A strong and shallow earthquake shook Indonesia’s Sumatra island on Friday, killing seven people and injuring 85, while causing panic on the island and in neighboring Malaysia and Singapore.
The magnitude 6.2 earthquake struck about 66 kilometers (41 miles) north-northwest of Bukittinggi, a hilly town in West Sumatra province, according to the U.S. Geological Survey. It was centered about 12 kilometers (7.4 miles) below the Earth's surface.
At least four people, including two children, were killed in Pasaman district and three people died in the neighboring district of West Pasaman. At least 410 houses and buildings were damaged, the National Disaster Mitigation Agency said.
More than 5,000 people fled their homes to temporary shelters, mostly in devastated areas of Pasaman and West Pasaman districts, agency spokesperson Abdul Muhari said in a statement.
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“We are still focusing on search and rescue efforts for the victims," Muhari said.
Authorities were still investigating the full extent of the damage.
People ran out of their houses looking for safer places when the earthquake struck, said Ahmad Nur, a resident of Talamau village in West Pasaman district. He said he was preparing to open his shop in a nearby market and returned home to check on his family. His house was damaged and his wife was in pain because her leg had been hit by debris, he said.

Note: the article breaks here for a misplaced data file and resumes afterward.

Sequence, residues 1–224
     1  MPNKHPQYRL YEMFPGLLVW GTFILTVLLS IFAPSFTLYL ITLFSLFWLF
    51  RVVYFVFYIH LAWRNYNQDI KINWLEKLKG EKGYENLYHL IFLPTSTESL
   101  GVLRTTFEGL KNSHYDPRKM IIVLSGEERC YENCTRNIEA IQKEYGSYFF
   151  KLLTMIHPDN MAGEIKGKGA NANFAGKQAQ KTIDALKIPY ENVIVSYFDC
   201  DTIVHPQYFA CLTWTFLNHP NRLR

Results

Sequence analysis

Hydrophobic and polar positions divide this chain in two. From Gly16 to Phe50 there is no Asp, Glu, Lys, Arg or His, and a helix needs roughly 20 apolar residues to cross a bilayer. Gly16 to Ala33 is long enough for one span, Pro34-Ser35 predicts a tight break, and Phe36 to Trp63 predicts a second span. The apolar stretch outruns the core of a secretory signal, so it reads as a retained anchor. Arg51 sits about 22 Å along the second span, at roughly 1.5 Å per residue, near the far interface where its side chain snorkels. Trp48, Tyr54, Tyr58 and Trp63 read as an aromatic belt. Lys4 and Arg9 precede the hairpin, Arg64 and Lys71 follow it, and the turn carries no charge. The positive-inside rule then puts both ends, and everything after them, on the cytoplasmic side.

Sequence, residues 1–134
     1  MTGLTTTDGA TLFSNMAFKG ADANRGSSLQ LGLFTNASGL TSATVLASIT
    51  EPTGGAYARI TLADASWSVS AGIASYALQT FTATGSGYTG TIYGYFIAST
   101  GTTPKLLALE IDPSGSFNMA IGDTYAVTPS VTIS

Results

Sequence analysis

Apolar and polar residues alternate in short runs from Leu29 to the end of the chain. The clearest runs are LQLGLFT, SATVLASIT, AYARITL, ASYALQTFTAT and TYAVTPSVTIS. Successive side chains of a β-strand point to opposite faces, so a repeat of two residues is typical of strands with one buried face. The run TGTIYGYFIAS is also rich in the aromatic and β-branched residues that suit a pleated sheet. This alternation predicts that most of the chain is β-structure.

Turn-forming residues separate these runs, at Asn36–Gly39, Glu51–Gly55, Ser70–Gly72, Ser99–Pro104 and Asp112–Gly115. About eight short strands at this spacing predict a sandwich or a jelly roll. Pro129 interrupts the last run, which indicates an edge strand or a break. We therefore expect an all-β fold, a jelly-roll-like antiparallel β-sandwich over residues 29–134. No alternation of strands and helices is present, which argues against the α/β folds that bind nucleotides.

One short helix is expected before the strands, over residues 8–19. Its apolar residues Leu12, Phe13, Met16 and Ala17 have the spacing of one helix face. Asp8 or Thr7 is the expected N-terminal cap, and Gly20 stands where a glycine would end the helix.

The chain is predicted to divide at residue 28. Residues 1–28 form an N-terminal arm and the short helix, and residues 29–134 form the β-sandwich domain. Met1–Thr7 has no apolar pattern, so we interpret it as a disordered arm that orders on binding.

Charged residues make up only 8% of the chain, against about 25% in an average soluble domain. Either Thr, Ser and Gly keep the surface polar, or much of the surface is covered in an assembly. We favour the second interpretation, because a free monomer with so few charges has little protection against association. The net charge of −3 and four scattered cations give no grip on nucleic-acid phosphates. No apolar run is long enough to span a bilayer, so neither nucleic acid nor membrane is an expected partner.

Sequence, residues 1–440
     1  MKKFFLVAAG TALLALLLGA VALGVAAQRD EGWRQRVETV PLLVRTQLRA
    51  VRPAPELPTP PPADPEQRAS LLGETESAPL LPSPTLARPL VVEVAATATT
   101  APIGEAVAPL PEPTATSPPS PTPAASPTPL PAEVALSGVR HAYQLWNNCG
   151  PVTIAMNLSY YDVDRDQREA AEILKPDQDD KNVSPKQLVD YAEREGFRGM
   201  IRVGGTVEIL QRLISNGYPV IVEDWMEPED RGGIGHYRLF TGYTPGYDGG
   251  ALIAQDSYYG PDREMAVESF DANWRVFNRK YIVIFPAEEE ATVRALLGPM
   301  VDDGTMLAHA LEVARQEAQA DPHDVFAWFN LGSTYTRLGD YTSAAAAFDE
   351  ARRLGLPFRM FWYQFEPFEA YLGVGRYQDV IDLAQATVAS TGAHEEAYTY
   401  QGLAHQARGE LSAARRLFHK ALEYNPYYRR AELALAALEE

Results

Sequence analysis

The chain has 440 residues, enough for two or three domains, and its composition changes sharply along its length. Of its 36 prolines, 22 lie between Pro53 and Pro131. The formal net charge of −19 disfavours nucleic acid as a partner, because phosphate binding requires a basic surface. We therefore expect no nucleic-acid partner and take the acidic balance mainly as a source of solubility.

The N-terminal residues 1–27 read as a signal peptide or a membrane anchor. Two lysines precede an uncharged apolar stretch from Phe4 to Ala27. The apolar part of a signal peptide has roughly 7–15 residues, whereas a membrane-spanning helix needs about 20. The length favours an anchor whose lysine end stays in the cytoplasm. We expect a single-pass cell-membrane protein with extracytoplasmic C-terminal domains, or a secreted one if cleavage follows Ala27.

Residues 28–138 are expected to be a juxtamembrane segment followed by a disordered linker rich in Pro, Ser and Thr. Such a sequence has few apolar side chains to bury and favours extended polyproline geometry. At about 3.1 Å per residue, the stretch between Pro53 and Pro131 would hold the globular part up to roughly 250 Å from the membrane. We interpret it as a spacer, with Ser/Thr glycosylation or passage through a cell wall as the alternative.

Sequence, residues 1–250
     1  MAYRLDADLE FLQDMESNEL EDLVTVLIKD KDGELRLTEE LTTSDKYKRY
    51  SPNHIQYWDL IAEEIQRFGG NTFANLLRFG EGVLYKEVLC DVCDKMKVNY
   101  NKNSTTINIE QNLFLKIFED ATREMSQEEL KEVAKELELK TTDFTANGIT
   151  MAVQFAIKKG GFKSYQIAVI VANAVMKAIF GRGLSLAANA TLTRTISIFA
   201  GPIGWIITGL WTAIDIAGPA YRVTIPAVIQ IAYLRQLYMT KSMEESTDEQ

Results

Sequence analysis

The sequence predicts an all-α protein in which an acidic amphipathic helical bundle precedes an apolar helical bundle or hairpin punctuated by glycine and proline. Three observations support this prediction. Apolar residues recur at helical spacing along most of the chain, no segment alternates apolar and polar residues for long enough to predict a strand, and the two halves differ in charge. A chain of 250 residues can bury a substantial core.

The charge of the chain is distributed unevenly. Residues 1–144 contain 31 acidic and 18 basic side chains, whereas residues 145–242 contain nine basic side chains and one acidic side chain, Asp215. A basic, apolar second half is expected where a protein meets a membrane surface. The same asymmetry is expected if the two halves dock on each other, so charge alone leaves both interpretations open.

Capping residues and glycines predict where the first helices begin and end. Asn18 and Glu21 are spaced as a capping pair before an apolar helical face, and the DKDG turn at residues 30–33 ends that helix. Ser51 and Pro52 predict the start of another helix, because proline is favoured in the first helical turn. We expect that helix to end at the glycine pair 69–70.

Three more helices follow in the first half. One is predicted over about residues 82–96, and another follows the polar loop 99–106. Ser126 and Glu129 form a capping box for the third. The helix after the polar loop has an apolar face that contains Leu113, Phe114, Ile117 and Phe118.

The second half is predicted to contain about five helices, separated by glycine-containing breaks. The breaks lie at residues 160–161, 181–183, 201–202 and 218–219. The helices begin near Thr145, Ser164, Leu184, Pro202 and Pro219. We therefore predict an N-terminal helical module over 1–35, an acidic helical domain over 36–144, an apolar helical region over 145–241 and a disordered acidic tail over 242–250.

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“Thank God ... my wife and our two kids managed to escape when the walls started to tumble,” Nur said. “The quake destroyed everything in my house, but I’m grateful that my wife and children are safe ... with only minor injuries.”
He said he and other survivors set up makeshift tents near the government office and were awaiting relief from the government or volunteers.
Dwikorita Karnawati, head of the Meteorology, Climatology and Geophysical Agency, said there was no danger of a tsunami but warned of possible aftershocks.
Television reports showed panicked people rushing into the streets in Padang, the capital of West Sumatra province, and patients in a hospital in West Pasaman being evacuated from the building. The reports also showed streams filled with mud from landslides triggered by the earthquake, and a mosque, a school and several houses that were flattened.
People in neighboring Malaysia and Singapore also felt the tremors. A video on social media showed residents gathering in the streets after high-rise buildings in Kuala Lumpur swayed for a few seconds. Witnesses said their doors and chairs shook and photos and paintings swayed on the walls.
Indonesia, a vast archipelago of more than 270 million people, is frequently struck by earthquakes, volcanic eruptions and tsunamis because of its location on the “Ring of Fire,” an arc of volcanoes and fault lines in the Pacific Basin.
In January 2021, a magnitude 6.2 earthquake killed at least 105 people and injured nearly 6,500 in West Sulawesi province.
A powerful Indian Ocean quake and tsunami in 2004 killed nearly 230,000 people in a dozen countries, most of them in Indonesia.